Source counts covering a wide range of flux densities are currently available at nu = 0.408, 0.61, 1.4, 2.7, and 5 GHz (cf. Condon 1984b). The most extensive is at nu = 1.4 GHz and is shown in Figure 15.5. The NRAO 91-m telescope was used to measure the flux densities of sources stronger than S = 2 Jy at nu = 1.4 GHz (Fomalont et al. 1974) and also in the 0.175 leq S < 2 Jy range (Machalski 1978). The fainter levels are based on VLA "snapshot" surveys (Condon et al. 1982b, Mitchell 1983; Coleman et al. 1985), the WSRT deep survey of the Lynx area (Oort 1987), and the deepest VLA survey (Mitchell and Condon 1985). The sky densities of sources too faint to be detected and counted individually in the latter survey were estimated statistically from their contribution to the map fluctuation or "P(D)" distribution (Scheuer 1957, 1974, Condon 1974) and are indicated by the shaded region extending down to S = 10 µJy. The integrated emission from extragalactic sources can be used to constrain the source count at even fainter levels. After subtracting galactic emission, Bridle (1967) obtained T approx 30 K at nu = 178 MHz, corresponding to T approx 0.1 K at nu = 1.4 GHz. The contribution T(S) = [c2 / (2k nu2)] integSinfty sn(s) ds from sources stronger than S = 10 µJy is about 0.08 K, so the bulk of the extragalactic background can be accounted for by known source populations.

Figure 5

Figure 15.5. Weighted source count at nu = 1.4 GHz. Abscissa: flux density (Jy). Ordinate: weighted source count S5/2 n(S) (Jy1.5 sr-1).

Most sources found in low-frequency surveys have power law spectra with spectral indices near alpha approx + 0.8, but some have the more complex spectra and lower spectral indices (alpha approx 0) indicative of synchrotron self-absorption in compact (theta < 0."01) high-brightness (T approx 1011 K) components. These two source types are effectively distinguished by the simple criterion alpha geq 0.5 ("steep-spectrum" source) or alpha < 0.5 ("flat-spectrum" source). The flat-spectrum sources can usually be identified with quasars, while most steep-spectrum sources are associated with galaxies (or empty fields if the galaxies are too distant). Many flat-spectrum sources vary in both intensity and structure on time scales of years, and their apparent luminosities may be affected by relativistic beaming (see Chapter 13). The evolutionary histories of these two source types may also differ. Being so compact, flat-spectrum sources are probably less sensitive than extended steep-spectrum sources to changes in the average density of the intergalactic medium or in the energy density of the microwave background radiation with cosmological epoch (Rees and Setti 1968). Finally, flat-spectrum sources can be seen at greater redshifts because they are not so strongly attenuated by the (1 + z)1+alpha Doppler term in Equation (15.1). For these reasons, it is worthwhile to separate the steep- and flat-spectrum sources and count them independently when possible. The numbers of flat-spectrum (alpha < 0.5) and steep-spectrum (alpha geq 0.5) sources are comparable in high-frequency samples, and their counts at 5 GHz are plotted separately in Figure 15.6. The data were taken from Pauliny-Toth et al. (1978), Condon and Ledden (1981), Owen et al. (1983), and Fomalont et al. (1984).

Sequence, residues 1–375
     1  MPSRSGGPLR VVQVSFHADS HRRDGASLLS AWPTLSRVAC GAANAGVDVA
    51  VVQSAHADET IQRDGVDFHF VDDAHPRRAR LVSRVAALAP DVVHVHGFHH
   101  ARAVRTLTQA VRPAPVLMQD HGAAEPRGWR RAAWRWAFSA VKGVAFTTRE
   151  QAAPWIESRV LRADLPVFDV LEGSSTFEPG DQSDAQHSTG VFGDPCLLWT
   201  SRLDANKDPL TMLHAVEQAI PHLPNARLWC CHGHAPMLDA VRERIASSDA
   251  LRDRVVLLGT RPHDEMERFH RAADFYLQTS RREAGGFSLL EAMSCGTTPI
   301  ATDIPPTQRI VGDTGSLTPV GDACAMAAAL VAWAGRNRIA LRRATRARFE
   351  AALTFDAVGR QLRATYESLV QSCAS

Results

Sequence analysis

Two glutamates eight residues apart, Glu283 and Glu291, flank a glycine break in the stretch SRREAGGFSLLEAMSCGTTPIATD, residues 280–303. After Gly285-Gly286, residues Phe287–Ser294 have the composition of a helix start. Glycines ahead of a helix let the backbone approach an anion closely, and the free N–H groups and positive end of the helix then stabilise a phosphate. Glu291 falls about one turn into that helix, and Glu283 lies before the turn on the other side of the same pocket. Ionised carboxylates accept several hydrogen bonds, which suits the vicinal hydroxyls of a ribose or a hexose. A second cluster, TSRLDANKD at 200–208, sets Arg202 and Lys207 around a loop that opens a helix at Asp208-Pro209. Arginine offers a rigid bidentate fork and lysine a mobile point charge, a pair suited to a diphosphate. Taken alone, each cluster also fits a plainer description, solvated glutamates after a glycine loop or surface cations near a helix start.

Figure 6

Figure 15.6. Weighted counts of steep-spectrum (alpha geq 0.5) (filled symbols) and flat-spectrum (alpha < 0.5) (open symbols) sources found at nu = 5 GHz, along with model predictions. (From Condon 1984b) (dashed and dot-dashed lines, respectively). Since the weighted counts of these two spectral populations are comparable but peak at slightly different flux densities, their sum (solid line) has a very broad peak.